5,000 Holocaust Survivors in Israel Have Died This Year Waiting for Netanyahu's Office to Cut Red Tape

Critics say the country needs a unified database to map out the number, location, condition and needs of Holocaust survivors, but government agencies and NGOs aren't cooperating enough

Demonstration by Holocaust survivors in Tel Aviv, across from Defense Ministry headquarters, in 2012.
Nir Kafri

Some 5,000 Holocaust survivors have died in Israel since a state comptroller’s report this year demanded that services to them be improved and that a person or entity be appointed to coordinate services supplied by government agencies and civic organizations.

The issue is still being discussed in the Prime Minister’s Office and no such coordinator has been named.

State Comptroller Joseph Shapira believes that the absence of such a coordinator is a major deficiency in the state’s helping of Holocaust survivors. As he put it in the report, under the current situation “there is a gap in the response to the needs of survivors in some areas of their lives, while at the same time there is sometimes duplication in the provision of services, a lack of prioritizing and inefficient allocation of resources.”

Although the Finance Ministry’s Holocaust Survivors Rights Authority is supposed to coordinate these services, the comptroller said it wasn’t doing so. A special committee’s separate report, which was submitted to Prime Minister Benjamin Netanyahu in 2015, also noted that no one was coordinating activities to serve Holocaust survivors or identify their needs.

The issue also arose in local authorities’ responses to the comptroller’s report. According to one criticism, the multiplicity of agencies working for Holocaust survivors does not allow the creation of a unified database to map out the number, location, condition and needs of Holocaust survivors.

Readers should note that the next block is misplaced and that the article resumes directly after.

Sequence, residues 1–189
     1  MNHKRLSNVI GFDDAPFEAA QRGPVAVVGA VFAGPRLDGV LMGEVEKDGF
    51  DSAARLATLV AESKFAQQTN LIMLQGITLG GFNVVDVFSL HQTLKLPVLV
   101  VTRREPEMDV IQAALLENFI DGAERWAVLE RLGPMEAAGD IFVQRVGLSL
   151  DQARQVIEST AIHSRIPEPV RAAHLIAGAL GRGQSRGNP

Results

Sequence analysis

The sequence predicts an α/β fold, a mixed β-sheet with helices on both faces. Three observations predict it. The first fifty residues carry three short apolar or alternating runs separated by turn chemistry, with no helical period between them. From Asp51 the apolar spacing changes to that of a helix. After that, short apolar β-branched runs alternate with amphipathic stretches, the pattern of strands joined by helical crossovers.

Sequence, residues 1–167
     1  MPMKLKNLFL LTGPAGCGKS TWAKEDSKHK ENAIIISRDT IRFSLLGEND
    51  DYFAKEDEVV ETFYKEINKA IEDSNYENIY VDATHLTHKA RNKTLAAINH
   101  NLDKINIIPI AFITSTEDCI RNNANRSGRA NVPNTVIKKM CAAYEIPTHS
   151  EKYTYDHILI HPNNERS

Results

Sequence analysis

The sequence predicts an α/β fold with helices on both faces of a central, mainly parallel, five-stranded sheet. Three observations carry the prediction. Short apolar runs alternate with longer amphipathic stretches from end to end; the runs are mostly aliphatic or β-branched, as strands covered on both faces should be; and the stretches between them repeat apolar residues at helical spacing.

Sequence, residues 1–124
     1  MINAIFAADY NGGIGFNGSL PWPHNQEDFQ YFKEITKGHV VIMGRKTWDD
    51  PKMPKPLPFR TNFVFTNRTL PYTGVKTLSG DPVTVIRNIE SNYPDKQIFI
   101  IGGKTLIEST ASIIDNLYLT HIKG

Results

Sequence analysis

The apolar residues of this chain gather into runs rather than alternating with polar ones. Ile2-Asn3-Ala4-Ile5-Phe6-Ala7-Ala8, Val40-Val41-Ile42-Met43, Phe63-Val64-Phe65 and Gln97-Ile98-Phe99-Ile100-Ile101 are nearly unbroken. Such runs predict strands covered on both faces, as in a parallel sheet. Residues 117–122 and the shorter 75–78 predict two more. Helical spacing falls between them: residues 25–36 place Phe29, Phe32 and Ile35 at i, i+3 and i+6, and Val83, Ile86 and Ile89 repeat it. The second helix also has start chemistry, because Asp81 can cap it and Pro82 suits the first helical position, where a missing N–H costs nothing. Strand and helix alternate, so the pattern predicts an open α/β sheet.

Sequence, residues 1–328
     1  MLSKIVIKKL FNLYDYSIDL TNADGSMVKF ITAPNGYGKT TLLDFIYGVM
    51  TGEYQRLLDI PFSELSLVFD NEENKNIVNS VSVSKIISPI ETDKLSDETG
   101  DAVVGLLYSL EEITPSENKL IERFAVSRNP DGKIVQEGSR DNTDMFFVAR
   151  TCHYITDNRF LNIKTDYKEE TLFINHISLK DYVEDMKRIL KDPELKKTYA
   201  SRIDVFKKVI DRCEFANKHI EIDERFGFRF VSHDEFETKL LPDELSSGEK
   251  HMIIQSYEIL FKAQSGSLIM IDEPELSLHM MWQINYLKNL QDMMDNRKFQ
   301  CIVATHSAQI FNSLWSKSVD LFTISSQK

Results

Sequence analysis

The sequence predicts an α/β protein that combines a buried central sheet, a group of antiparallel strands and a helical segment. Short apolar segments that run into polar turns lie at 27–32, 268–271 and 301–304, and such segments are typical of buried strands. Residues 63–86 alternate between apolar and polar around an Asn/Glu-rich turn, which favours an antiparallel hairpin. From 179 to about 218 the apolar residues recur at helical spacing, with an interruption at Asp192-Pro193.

“It would be proper for the authority — having the broadest outlook and as the agency that controls most of the budgets — to be the coordinating body,” Shapira said.

After the report was issued, the prime minister told his director general, Eli Groner, to examine the sections of the report dealing with assistance to Holocaust survivors by government ministries, and a special ministerial team on Holocaust survivors met twice, in April and in June.

During those discussions, it emerged that survivors have difficulty accessing all the health and welfare services the government makes available. The ministers noted that no assessment was ever made of each survivor’s needs, whether it be in making their homes disabled-accessible, public housing, or the purchase of drugs not in Israel’s so-called health basket of subsidized drugs.

One decision made during the discussions was that a list of survivors not using the nursing services they are entitled to be transferred from the Social Services Ministry to the Finance Ministry authority. The ministerial team examined a number of possibilities for coordinating services, but no decision was announced on whether this task would be left for the authority or be given to another agency.

The Prime Minister’s Office told Haaretz that at the next discussion, “which will take place in a few weeks, the issue of integration will come up, with an emphasis on a comprehensive mapping of the social and welfare needs of the survivors and the realization of their economic rights.”

The State Control Committee is concerned about the delay in implementing Shapira’s report. Committee chairman Karin Elharrar (Yesh Atid) has written to the Prime Minister’s Office a number of times about the issue.

In July, Elharrar wrote: “It’s a long time that the State of Israel has no one agency that’s responsible for realizing the rights of Holocaust survivors. It isn’t clear what we’re waiting for. What is clear is that every day survivors die without fair and respectful treatment from the state. The Israeli government declares that the issue is important to it, but it seems that . it’s in no hurry to make this a priority.”

In January, Israel had some 158,000 residents entitled to rights and benefits because they were persecuted during the Holocaust, while another 56,000 have been recognized as victims of anti-Semitic and racist harassment during World War II. Their average age is 85 and around a thousand of them die every month.

The Prime Minister’s Office said in response, “The special ministerial team headed by the prime minister set up to assist Holocaust survivors recently convened twice and formulated a series of steps to assist in nursing care, public housing and welfare, and they are already being implemented.”